International Museum of Surgical Science, 1524 N. Lake Shore Drive, Lincoln Park

6. American Writers Museum

Located in the Loop right next to Millennium Park, the American Writers Museum explores the influence of American writers on our history, identity, and culture. Some of the museum’s highlights include Paul O. Zelinsky’s wonderful mural depicting 42 squirrels intensely engaged in reading 34 books that represent significant milestones in American children’s literature, the Mind of a Writer Gallery, which offers insights into how writers think, and A Nation of Writers, which features 100 authors who together represent the evolution of American writing.

American Writers Museum, 180 N. Michigan Ave., 2nd Floor, Loop

7. National Veterans Art Museum

The National Veterans Art Museum features a poignant collection that seeks to bridge the gap between the perception and reality of combat through art. This truly unique museum exhibits art both inspired by combat and created by veterans. The permanent collection includes more than 255 veteran artists and consists of more than 2,500 works, including paintings, photography, sculpture, poetry, murals, and music.

National Veterans Art Museum, 4041 N. Milwaukee Ave., 2nd floor, Portage Park

8. Ed Paschke Art Center

Established on June 22, 2014, on what would have been Ed Paschke’s 75th birthday, the Ed Paschke Art Center has made it its mission to preserve and provide public access to the work of this legendary pop artist. The center represents the largest collection of Paschke’s work on permanent public view anywhere in the world, and highlights the artist’s considerable influence over the international contemporary art and pop art scene.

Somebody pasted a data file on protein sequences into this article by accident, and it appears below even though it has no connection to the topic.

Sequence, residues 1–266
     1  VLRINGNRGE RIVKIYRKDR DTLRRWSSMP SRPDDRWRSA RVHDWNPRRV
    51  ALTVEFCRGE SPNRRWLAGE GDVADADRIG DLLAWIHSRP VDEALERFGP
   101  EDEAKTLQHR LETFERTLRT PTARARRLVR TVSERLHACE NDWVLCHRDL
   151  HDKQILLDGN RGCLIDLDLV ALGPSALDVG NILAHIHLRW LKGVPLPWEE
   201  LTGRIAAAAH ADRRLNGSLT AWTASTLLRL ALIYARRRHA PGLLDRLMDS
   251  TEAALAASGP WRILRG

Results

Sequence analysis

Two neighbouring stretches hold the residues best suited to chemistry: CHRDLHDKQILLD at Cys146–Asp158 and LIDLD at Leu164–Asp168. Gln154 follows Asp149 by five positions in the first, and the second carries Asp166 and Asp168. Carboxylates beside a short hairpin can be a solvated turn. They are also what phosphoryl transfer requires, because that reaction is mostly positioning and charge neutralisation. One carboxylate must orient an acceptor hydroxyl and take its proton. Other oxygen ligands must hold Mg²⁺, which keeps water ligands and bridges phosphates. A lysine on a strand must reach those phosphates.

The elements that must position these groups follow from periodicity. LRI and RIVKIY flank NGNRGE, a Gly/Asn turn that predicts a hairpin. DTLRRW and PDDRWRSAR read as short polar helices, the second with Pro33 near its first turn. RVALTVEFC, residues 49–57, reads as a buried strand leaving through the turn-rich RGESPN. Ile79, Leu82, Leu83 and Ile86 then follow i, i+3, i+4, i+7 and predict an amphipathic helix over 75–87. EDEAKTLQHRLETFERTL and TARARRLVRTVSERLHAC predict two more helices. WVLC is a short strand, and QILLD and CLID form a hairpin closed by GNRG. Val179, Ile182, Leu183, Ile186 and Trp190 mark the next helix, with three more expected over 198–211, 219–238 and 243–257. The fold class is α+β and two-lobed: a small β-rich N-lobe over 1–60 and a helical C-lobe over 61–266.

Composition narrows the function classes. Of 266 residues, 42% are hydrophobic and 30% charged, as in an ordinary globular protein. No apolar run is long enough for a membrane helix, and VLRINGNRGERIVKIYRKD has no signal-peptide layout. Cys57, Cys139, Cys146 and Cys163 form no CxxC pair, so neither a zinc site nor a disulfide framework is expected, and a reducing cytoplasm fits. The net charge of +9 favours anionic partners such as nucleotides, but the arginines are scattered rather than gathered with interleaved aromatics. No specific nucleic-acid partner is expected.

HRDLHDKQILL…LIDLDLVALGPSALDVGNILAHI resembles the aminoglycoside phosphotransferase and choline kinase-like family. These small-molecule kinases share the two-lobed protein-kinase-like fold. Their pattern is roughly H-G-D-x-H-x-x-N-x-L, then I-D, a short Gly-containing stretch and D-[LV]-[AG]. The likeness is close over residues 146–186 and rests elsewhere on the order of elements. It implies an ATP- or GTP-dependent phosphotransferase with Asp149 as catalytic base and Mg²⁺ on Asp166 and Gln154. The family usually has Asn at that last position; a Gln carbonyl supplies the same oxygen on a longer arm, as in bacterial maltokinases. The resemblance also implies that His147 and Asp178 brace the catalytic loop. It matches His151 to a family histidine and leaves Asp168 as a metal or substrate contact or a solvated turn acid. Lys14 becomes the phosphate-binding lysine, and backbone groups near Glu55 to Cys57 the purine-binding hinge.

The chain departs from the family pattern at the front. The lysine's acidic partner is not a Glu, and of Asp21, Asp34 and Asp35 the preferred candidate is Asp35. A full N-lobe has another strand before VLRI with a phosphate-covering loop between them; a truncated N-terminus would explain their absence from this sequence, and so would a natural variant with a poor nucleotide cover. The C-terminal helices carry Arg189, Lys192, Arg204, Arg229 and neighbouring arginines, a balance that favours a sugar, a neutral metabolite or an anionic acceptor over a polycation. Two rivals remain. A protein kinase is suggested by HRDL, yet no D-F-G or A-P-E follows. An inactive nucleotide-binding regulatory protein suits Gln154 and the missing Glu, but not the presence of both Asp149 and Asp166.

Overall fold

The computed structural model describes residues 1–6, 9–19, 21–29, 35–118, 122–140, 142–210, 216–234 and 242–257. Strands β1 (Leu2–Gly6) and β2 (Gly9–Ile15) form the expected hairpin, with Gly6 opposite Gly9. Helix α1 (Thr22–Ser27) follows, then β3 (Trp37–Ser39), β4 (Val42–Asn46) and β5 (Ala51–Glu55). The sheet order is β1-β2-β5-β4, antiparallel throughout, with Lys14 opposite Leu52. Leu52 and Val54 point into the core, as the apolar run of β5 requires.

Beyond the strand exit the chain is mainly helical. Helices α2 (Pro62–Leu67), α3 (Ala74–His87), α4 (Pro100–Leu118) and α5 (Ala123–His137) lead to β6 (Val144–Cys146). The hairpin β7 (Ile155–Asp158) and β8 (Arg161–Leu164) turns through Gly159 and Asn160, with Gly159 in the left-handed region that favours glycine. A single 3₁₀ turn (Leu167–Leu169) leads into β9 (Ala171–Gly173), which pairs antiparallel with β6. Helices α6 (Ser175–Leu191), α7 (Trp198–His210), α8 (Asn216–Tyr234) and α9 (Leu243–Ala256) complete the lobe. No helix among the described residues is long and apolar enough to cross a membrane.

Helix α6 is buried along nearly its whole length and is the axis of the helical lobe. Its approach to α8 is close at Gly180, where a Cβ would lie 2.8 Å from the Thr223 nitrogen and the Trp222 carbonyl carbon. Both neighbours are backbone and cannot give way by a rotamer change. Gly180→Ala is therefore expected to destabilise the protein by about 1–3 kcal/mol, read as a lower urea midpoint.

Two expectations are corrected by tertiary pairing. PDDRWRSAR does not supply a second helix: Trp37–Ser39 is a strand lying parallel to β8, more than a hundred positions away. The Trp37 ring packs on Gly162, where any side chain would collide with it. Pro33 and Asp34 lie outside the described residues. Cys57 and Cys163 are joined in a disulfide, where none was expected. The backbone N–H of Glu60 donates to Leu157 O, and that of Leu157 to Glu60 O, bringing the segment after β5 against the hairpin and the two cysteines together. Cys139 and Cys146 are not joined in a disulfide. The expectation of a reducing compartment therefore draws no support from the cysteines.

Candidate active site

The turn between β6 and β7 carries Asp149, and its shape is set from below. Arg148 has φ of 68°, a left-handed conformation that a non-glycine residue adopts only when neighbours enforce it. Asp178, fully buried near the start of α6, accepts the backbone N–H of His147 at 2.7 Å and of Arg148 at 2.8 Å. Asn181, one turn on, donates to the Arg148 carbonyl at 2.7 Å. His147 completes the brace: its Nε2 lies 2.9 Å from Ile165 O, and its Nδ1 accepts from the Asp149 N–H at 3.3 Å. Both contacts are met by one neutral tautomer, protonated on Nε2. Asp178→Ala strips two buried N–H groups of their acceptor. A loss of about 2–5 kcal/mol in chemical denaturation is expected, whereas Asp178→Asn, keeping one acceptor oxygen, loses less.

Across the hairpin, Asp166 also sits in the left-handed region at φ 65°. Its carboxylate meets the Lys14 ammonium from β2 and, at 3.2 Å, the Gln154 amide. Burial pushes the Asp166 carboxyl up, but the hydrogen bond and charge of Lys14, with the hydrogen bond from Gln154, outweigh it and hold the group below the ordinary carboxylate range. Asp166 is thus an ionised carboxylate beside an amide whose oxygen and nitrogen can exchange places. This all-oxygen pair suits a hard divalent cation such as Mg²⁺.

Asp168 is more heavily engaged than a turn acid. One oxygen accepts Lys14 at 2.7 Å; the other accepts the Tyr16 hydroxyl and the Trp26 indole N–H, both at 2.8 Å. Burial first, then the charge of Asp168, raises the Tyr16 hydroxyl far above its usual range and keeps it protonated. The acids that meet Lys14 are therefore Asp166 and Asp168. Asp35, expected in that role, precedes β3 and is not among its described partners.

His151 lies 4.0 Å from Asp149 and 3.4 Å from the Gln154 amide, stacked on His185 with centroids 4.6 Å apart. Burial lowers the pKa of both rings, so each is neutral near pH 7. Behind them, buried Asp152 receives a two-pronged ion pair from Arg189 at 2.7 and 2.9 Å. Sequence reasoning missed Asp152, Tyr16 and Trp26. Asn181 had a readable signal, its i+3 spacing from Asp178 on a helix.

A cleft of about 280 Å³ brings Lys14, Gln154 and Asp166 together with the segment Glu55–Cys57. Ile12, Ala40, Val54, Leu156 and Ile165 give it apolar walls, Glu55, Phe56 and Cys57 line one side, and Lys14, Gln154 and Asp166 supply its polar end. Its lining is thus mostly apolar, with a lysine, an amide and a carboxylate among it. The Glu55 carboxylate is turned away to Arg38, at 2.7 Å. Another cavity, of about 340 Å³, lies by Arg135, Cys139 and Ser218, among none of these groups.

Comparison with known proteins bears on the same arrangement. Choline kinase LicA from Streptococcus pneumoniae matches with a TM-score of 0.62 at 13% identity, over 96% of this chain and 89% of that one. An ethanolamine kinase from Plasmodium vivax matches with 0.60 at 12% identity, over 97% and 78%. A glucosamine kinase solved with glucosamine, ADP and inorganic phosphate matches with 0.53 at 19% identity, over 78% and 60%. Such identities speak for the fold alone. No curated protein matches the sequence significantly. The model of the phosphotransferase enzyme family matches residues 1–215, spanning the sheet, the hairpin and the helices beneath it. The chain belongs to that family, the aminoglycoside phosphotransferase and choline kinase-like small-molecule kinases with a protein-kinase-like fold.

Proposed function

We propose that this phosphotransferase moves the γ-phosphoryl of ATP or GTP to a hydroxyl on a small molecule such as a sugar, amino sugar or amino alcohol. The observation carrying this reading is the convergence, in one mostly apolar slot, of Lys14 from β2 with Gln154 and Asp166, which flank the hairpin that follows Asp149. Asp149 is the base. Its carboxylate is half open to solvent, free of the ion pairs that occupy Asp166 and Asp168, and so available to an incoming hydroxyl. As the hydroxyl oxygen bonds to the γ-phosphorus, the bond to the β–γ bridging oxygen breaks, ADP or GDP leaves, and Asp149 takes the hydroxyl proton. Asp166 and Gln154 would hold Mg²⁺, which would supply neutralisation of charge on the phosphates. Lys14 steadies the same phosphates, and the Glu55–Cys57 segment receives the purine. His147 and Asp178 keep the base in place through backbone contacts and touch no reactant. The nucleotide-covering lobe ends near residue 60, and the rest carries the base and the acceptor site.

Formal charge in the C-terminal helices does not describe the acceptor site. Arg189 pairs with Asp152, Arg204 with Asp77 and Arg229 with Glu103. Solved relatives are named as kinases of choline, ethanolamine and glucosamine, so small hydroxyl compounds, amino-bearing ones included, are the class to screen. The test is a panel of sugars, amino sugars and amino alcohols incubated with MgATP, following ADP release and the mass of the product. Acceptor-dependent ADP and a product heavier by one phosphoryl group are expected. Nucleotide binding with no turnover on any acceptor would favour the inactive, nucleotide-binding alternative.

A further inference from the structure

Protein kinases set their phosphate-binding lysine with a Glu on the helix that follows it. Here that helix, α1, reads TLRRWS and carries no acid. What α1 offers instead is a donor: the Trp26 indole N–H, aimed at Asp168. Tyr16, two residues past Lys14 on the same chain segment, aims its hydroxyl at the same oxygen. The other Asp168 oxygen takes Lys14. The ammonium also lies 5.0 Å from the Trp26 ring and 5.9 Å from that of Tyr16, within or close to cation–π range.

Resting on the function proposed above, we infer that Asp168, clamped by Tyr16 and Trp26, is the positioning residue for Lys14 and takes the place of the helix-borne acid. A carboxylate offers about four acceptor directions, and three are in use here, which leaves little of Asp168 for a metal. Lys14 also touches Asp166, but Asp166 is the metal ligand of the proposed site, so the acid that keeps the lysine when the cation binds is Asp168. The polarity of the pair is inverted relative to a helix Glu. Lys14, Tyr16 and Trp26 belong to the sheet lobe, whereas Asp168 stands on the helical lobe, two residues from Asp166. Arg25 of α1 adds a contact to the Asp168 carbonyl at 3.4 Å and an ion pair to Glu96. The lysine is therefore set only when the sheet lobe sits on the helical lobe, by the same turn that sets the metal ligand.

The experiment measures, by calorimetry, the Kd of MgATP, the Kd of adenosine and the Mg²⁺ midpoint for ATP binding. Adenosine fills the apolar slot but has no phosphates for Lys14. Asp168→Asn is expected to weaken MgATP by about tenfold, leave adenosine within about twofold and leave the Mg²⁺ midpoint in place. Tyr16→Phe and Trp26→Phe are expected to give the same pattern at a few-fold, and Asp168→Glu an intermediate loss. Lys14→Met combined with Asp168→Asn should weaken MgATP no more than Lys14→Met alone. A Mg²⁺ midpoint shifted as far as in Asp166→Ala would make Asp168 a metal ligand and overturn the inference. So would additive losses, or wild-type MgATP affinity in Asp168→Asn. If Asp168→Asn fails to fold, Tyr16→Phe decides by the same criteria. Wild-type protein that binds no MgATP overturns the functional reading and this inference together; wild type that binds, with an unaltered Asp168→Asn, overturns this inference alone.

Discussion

Ed Paschke Art Center, 5415 W. Higgins Ave., Jefferson Park

9. Heritage Museum of Asian Art

Founded in 2014, Heritage Museum of Asian Art houses works that span a vast range of Asian cultures and time periods. The museum’s collection includes archaic and modern jades, Neolithic pottery, imperial porcelains, Chinese snuff bottles, scholar’s objects, textiles, bronzes, and a whole lot more. Classical Chinese furniture also adorns the galleries. Thirty-minute tours are offered for $2 per person, but need to be scheduled ahead of time. FYI: The museum is located in Chicago’s Chinatown, which is itself a cultural treat for the senses.

Heritage Museum of Asian Art, 218 W. 26th St., Chinatown

10. Chicago Maritime Museum

The Chicago Maritime Museum holds a fascinating collection of approximately 6,000 pieces, including watercraft, models, articles, books, displays, art, and images, all of which preserve the city’s maritime history. Don’t miss the canoe collection, retrieved from as far as Europe, Africa, South and Central America, and Polynesia. You’ll love the model ships, too.

Chicago Maritime Museum, 1200 W. 35th St., Bridgeport

11. Pritzker Military Museum & Library

At Pritzker Military Museum & Library, thousands of artifacts, books, posters, photographs, maps, and manuscripts, ranging from military medals to swords, tell America’s history through the eyes of the citizen soldier. Take a tour any day of the week (free with admission) or wander collections ranging from WWII and Korean War training comics to medical research files on topics like early ambulances and Civil War nurses.

Pritzker Military Museum & Library, 104 S. Michigan Ave., 2nd Floor, Loop

12. Museum of Contemporary Photography

Part of Columbia College, the small but mighty Museum of Contemporary Photography is one of Chicago’s best-kept secrets. The museum’s Midwest Photographers Project cycles through new and established Midwest photographers, each examining a different social experience, from the slums of Mumbai to electronics and teens. The museum’s permanent collection keeps current on developing social issues and innovations in contemporary photography, highlighting new talent whenever possible.

Museum of Contemporary Photography, 600 S. Michigan Ave., South Loop